Obscure? The fact you haven't heard of them doesn't mean they don't ship in volume. I imagine there's could be 100 - 500 million shipped products with varioous Sunplus chips in them, and that could be on the low side. Calculators, translators, alarm clocks, talking & automated toys, cheaper appliances, etc. all use Sunplus CPUs.

Supply longevity to get thru a sequence of production runs is good enough. No one cares about 2 years from now.

Quote:
Although if it is truly 6502 compatible then that would solve the tool issue. [/quite]

Again irrelevant. Any CPU vendor will supply tools to a volume customer. They either create the tools themselves or have a relationship with a tool provider (like HiTech, who makes C compilers for various micros) It's almost a given - C compiler, assembler, linker and (maybe) some sort of debugger or monitor. Otherwise you can't sell your chip. [Maybe JTAG support added on bigger chips.]

[quote]Perhaps the choice came down to price?


Dude, it ALWAYS comes down to price - sometimes prior working relationships help, as Kinpo and Sunplus (or Sunplus') successor have had an ongoing relationship for some years.

Quote:
Anyone know if HP would code their calculators in C or assembler?

HP doesn't code anything anymore for this kinda product. Kinpo would be doing the work. 99% chance it would mostly be in C - some startup code in assembly, maybe some optimized I/O driver stuff, although I know it could readily be done all in C. A 1MHz 65C02 can reliably even 100% *emulate* an HP41C calc at full speed or more. Perhaps there some optimized BCD math routines in assembler, but there's probably not that much reason for it.

Having just about everything in standard C (plus or minus a few compiler+architecture dependent features) pretty much means architectural considerations are moot.


Bill Wiese

San Jose, CA


#7

Ok, that's a different ball game entirely then, I thought Kinpo only manufactured the product, but all design engineering and coding was done by HP. I was obviously wrong.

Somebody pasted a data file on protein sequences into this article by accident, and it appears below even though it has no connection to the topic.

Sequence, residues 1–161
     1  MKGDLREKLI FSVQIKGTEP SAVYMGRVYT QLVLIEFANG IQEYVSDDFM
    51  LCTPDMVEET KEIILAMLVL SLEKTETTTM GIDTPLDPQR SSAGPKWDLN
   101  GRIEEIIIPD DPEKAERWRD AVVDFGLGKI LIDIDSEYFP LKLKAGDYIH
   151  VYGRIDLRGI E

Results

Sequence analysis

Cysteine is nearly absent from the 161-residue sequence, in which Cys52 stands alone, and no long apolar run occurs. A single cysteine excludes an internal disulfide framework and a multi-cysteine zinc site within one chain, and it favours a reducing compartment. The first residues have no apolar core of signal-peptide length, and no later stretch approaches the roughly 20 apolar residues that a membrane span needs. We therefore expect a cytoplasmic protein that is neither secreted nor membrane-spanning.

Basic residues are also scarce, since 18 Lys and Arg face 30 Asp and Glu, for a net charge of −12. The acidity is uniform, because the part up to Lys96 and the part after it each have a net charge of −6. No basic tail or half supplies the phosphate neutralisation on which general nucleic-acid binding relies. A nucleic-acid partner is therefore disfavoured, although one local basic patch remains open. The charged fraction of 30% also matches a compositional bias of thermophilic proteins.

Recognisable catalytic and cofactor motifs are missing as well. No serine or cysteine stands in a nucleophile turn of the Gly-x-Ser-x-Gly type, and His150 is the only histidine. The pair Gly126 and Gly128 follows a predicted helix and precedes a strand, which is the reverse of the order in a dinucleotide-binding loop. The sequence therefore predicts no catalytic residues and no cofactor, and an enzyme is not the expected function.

Thanks.
Dave.

#8

Thanks, that explains the mystery. That portion of Sunplus is now Generalplus, and the datasheets are available on their web page.

I'd still like to get the datasheet for the SPLB20D2, which appears to have been obsoleted by the GPLB20D3.


#9

Eric,

Various Sunplus controllers are 'nominally' 6502 compatible. It's been awhile, I'm betting there may be some but not all 65C02 instructions on board.

The lesser-capability Sunplus CPUs used in things like KBs and mice may lose a register (I think the .Y register) and associated instructions.


Bill Wiese

San Jose, CA


#10

Unfortunately it turns out that the Generalplus data sheets basically only have a block diagram and electrical specs. They apparently have Programmer's Guides and User Guides, but they don't make them available online. Sigh.

#11

Speaking of CPUs, does anyone have specifications of the ACT chip from HP-97? Signal traces, cicles, states... My 97's ACT is dead (?), I'm thinking of a replacement using CPLD or a new microcontroller...

Thanks!

Nelson

#12

Does anyone know what CPU is used in the 12C Platinum 25th Anniversary edition?

Thanks.


#13

I think it is a Generalplus GPLB31A, but I haven't seen anything definitive.

The 12C Platinum was originally claimed to use the Sunplus SPLB20D2, but they had to increase the ROM size when they upgraded the 12C Platinum to new firmware based on the 17BII+ code base. They did not revise the data sheet.

The 12C Platinum Anniversary Edition and the 12C Prestige are believed to share the same electronics and firmware with the revised 12C Platinum.